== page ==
Cheyenne River Youth Project hosts Wellstone Action training, local teens provide important feedback
EAGLE BUTTE, SD (August 15, 2010) — In late July, the Cheyenne River Youth Project® in Eagle Butte, South Dakota, hosted a special “Native Youth Organizing Training” conference, part of Wellstone Action’s Native American Leadership Program. Twenty-nine local teens between the ages of 14 to 19 attended the daylong leadership training event.
“Our goal was to have 30 young people participate, so we were thrilled to see 29 teens sign up and offer so much energy and enthusiasm,” said Julie Garreau, CRYP’s executive director. “It was tremendously rewarding. Our staff and volunteers also were excited to experience the training, which focused on progressive leadership, citizen activism and community organizing. And in the process, we learned a lot from our kids.”One component of the curriculum, titled “Help Wanted: Finding the Leaders We Need in Our Communities,” required the teens to develop a Help Wanted ad and then work within groups to develop their own ads and standards. Some common themes emerged during the exercises.
“The teens were very specific about the qualities they seek in leaders,” Garreau said. “Honesty, responsibility, reliability, courage, trustworthiness, dependability, wisdom, generosity — these traits came up over and over again. They said they want leaders who are hard-working, who are team players, and who can be good role models. They said true leadership is about understanding what people need, not being power-hungry.” One ad noted, “Must be sensitive to others… caring.” Another emphasized, “No anger issues.” And several insisted that the ideal candidate would be drug- and alcohol-free. Laziness, poor sportsmanship and rudeness would simply be unacceptable.
In another interesting exercise, Wellstone Action trainers asked the teens to split into six groups and work within their groups to decide what they would change in the community.The groups’ biggest common concerns were suicide prevention, teen pregnancy, gang violence, alcohol and drug abuse, child neglect, reservation cleanup (in particular, they worried about property destruction, graffiti and trash pickup), animal cruelty, quality education, quality health care, good housing, job opportunities and gun control. They even discussed the merits of increasing seatbelt use on the reservation and the benefits of a dress code at school.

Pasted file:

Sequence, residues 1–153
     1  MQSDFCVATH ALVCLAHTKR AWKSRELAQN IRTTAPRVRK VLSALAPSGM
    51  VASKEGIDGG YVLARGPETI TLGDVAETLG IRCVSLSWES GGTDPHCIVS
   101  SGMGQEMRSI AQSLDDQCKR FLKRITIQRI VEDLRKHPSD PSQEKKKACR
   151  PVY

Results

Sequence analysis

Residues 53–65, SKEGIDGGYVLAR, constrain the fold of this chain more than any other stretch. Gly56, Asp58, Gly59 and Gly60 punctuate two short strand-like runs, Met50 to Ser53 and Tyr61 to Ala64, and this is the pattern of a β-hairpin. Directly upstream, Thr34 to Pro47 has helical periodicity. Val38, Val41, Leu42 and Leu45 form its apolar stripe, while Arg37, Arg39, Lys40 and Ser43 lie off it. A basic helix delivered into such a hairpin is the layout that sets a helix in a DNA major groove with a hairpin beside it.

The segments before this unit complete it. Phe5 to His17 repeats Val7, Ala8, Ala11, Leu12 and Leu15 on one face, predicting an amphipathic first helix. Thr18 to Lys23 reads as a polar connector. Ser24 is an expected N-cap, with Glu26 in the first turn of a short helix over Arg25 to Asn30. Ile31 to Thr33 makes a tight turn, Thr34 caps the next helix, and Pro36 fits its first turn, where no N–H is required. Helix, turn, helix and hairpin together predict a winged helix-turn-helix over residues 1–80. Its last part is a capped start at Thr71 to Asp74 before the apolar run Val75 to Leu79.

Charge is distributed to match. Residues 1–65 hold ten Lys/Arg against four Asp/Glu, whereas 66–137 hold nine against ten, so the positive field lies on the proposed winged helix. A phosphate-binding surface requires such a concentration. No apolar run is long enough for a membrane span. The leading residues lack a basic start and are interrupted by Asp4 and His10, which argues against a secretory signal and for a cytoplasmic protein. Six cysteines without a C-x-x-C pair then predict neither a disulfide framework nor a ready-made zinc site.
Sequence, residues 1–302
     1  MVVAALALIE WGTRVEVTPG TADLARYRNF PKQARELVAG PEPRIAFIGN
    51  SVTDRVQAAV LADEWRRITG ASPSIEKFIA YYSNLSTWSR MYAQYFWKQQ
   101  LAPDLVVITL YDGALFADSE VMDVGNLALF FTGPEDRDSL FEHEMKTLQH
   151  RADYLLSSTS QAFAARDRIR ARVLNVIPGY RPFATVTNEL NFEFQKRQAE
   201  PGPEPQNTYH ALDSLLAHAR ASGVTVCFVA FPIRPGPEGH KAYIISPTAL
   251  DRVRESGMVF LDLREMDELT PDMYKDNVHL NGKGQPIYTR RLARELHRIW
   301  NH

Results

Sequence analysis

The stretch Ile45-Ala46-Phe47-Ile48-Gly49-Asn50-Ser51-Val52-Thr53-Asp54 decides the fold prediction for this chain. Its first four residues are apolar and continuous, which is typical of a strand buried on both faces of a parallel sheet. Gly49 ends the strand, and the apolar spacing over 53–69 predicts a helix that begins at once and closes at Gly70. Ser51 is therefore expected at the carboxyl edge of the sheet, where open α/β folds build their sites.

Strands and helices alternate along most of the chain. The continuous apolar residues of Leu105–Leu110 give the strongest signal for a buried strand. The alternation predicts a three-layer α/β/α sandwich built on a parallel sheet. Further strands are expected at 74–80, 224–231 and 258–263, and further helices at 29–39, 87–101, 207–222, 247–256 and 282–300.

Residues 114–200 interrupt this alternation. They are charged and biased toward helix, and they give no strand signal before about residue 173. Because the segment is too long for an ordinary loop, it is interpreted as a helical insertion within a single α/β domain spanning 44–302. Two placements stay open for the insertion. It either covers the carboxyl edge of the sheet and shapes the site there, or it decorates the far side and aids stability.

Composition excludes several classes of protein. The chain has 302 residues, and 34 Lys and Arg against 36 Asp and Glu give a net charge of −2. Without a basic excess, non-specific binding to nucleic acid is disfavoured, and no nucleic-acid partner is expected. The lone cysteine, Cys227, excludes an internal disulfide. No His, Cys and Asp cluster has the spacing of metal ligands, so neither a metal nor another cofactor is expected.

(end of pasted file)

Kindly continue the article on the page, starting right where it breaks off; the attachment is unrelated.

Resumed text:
In addition, the teens wanted to see more strict school policies, an animal shelter, treatment programs for alcoholics and for those who attempt suicide, a homeless shelter or mission, a cleaner environment, recycling services and higher numbers of college-bound students. Some wanted even more specific things — an indoor skate park, a McDonald’s, more rodeos, more basketball tournaments, more parks for toddlers and even a new, distant location for the wastewater treatment facility.“This really showed us how aware our children are,” Garreau said. “They want a stronger community and better lives for future generations, and they see what’s necessary to get there.”
Next, the groups determined what parts of their community they’re most proud of. The top answers: CRYP’s Cokata Wiconi Teen Center, the Boys & Girls Club, the outdoor skateboard park, the local swimming pool, the local fitness center, the city park, area schools and colleges, available food in the community, Lakota culture and heritage, family, friends, school and pets. One group said it was most proud of those students who graduated every year.“This was such a great experience for everyone involved, and we hope to host Wellstone Action again in the future,” Garreau said. “Not only is it a wonderful opportunity for our teens to learn and add some weight to a resume or job application, it’s a chance for us to understand what our teens are thinking. Listening to the next generation and encouraging them to get involved is the only way to foster real and lasting change.”
CRYP provided meeting space and meals for the Wellstone Action leadership conference, as well as overnight accommodations for the two attending trainers. Garreau noted, however, that the conference wouldn’t have happened without the support of Running Strong for American Indian Youth®.
“We have a Running Strong grant that provides dedicated scholarship funding for youth-focused organizations and projects,” she explained. “Those scholarship funds support CRYP’s general operation and help bring youth-oriented programming to the teen center. In this case, the scholarship money rented our facilities for the Wellstone Action conference, and we’re grateful to our partners and friends at Running Strong for making this amazing experience possible for our teens.”
To learn more about the Cheyenne River Youth Project and its programs, and for information about making donations and volunteering, call (605) 964-8200 or or visit www.lakotayouth.organd, to stay up to date on the latest CRYP news and events, visit the youth project’s Facebook “Cause” page. All Cause members will receive regular updates through Facebook.
The Cheyenne River Youth Project, founded in 1988, is a grassroots, not-for-profit organization dedicated to providing the youth of the Cheyenne River reservation with access to a vibrant and secure future through a wide variety of culturally sensitive and enduring programs, projects and facilities that ensure strong, self-sufficient families and communities.